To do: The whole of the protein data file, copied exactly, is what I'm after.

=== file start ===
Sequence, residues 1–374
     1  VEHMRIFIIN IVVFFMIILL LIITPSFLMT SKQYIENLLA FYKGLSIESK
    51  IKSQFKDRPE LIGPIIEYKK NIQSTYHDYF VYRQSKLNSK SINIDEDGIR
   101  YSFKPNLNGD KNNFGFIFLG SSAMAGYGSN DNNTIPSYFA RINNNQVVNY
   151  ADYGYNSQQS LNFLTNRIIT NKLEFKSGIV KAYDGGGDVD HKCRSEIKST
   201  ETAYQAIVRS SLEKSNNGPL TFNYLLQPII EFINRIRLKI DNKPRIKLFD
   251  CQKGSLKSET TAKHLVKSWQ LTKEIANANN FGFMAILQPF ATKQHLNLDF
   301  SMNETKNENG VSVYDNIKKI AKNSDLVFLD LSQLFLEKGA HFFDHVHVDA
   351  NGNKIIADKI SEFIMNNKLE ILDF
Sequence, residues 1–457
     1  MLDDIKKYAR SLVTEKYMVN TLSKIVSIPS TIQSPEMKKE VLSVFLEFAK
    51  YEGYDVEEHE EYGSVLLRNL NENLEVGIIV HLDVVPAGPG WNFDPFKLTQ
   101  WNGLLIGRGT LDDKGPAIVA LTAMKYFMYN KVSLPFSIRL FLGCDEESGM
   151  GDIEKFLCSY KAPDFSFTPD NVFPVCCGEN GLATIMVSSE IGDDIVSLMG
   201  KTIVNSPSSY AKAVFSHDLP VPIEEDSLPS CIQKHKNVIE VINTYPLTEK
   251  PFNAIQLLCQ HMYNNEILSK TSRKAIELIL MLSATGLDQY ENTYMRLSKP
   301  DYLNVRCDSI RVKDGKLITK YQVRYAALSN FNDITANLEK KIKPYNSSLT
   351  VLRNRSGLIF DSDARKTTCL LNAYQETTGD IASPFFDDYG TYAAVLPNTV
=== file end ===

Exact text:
Sequence, residues 1–374
     1  VEHMRIFIIN IVVFFMIILL LIITPSFLMT SKQYIENLLA FYKGLSIESK
    51  IKSQFKDRPE LIGPIIEYKK NIQSTYHDYF VYRQSKLNSK SINIDEDGIR
   101  YSFKPNLNGD KNNFGFIFLG SSAMAGYGSN DNNTIPSYFA RINNNQVVNY
   151  ADYGYNSQQS LNFLTNRIIT NKLEFKSGIV KAYDGGGDVD HKCRSEIKST
   201  ETAYQAIVRS SLEKSNNGPL TFNYLLQPII EFINRIRLKI DNKPRIKLFD
   251  CQKGSLKSET TAKHLVKSWQ LTKEIANANN FGFMAILQPF ATKQHLNLDF
   301  SMNETKNENG VSVYDNIKKI AKNSDLVFLD LSQLFLEKGA HFFDHVHVDA
   351  NGNKIIADKI SEFIMNNKLE ILDF
Sequence, residues 1–457
     1  MLDDIKKYAR SLVTEKYMVN TLSKIVSIPS TIQSPEMKKE VLSVFLEFAK
    51  YEGYDVEEHE EYGSVLLRNL NENLEVGIIV HLDVVPAGPG WNFDPFKLTQ
   101  WNGLLIGRGT LDDKGPAIVA LTAMKYFMYN KVSLPFSIRL FLGCDEESGM
   151  GDIEKFLCSY KAPDFSFTPD NVFPVCCGEN GLATIMVSSE IGDDIVSLMG
   201  KTIVNSPSSY AKAVFSHDLP VPIEEDSLPS CIQKHKNVIE VINTYPLTEK
   251  PFNAIQLLCQ HMYNNEILSK TSRKAIELIL MLSATGLDQY ENTYMRLSKP
   301  DYLNVRCDSI RVKDGKLITK YQVRYAALSN FNDITANLEK KIKPYNSSLT
   351  VLRNRSGLIF DSDARKTTCL LNAYQETTGD IASPFFDDYG TYAAVLPNTV